The high concept of a fake gay marriage undertaken to save pension benefits sounds like it would be the perfect fit for a low brow Adam Sandler comedy. Why is it, then, that the jokes fall flat most of the time? I sat there in the darkened theater waiting for the story to take off, but it never left the realm of the sitcom, stretched nearly to the breaking point to reach feature length.
I wanted to like it. Sandler is usually dependable for this type of comedy, but this felt like a different Sandler, a Sandler who wasn't completely comfortable in this new role as an adult character. On the other side, Kevin James' character felt truly conflicted, and had a lot more heart in his portrayal. In the end, it is a movie that has its laughs, but it fails to make much of an impact.
I Now Pronounce You Chuck and Larry centers on a pair of New York City firefighters. Larry (Kevin James) is a widower who, following a close call, worries about what would happen to his two kids should something happen to him. You see, he never changed his pension beneficiary from his deceased wife to his kids. Because he waited so long following the death, he cannot change the beneficiary without getting remarried.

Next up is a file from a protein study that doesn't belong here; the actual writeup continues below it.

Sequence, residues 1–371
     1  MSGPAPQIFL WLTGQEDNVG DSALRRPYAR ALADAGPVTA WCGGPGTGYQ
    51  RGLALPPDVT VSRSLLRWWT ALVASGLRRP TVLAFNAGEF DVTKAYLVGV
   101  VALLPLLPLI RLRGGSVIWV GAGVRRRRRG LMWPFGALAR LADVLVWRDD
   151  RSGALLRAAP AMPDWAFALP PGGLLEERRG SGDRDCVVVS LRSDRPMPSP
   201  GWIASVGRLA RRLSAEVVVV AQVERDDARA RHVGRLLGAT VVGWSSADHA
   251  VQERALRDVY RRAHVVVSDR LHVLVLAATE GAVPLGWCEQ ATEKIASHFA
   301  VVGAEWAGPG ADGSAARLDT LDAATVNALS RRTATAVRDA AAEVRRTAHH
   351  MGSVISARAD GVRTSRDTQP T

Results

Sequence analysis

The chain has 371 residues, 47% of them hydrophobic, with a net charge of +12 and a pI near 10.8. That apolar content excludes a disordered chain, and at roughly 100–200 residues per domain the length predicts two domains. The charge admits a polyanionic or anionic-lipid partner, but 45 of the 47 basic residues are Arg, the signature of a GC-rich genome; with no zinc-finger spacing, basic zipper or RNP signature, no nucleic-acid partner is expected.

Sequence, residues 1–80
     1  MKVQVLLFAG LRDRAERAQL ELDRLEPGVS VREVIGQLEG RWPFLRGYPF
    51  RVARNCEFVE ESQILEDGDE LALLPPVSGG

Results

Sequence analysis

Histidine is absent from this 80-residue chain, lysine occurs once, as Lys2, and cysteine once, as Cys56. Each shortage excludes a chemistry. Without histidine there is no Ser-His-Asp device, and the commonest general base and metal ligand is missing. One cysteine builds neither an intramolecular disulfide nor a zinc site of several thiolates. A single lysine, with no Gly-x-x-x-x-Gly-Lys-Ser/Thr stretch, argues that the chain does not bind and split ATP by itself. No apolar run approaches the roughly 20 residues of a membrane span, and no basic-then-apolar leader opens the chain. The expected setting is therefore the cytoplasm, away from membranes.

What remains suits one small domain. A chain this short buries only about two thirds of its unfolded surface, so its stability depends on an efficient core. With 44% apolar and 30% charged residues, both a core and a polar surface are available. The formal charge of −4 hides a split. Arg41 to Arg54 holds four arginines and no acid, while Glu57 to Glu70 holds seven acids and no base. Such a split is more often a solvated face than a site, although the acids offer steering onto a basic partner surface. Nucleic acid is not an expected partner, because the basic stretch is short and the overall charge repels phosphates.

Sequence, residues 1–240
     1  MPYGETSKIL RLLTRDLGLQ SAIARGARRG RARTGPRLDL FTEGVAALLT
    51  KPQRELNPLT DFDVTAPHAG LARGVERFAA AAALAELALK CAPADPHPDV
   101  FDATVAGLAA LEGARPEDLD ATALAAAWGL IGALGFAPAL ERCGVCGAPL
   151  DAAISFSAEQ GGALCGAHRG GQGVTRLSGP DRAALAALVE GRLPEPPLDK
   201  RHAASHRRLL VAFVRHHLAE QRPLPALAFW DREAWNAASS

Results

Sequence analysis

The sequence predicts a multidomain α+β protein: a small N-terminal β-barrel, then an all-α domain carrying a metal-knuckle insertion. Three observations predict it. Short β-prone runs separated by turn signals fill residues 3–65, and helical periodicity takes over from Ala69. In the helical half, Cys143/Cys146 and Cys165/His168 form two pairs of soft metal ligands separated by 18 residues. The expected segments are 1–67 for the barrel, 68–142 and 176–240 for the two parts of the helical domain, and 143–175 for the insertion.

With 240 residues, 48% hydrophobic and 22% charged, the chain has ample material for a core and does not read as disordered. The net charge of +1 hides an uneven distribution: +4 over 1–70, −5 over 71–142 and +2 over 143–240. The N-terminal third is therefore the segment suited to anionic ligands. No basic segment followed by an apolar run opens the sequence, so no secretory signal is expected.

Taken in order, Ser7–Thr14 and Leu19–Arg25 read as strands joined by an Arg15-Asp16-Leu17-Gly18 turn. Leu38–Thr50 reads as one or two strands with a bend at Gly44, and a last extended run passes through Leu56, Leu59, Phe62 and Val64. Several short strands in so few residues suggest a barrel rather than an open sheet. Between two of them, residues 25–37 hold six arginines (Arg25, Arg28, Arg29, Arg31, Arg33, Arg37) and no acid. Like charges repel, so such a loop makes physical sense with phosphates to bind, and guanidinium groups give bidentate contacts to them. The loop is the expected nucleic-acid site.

Larry is a man who loved his wife, still loves his wife, and has not been able to move on. His love for his wife reminds me of Adrian Monk (Tony Shalhoub on Monk) and the way his love for his deceased wife persists; even death cannot part them. It is his perpetual state of mourning which leads to his request to fake a domestic partnership; it is out of love for his kids that he is willing to do anything to ensure their futures.
The man playing the role of partner is Chuck (Sandler), Mr. February in the fireman's calendar and confirmed bachelor and ladies man — a man who, as a staunch heterosexual, has no initial desire to take any part in this ruse. However, Larry had saved his life, and as such, he owes it to him to do anything, anytime. The time has come, but signing domestic partner papers winds up being much more than just a paper trick.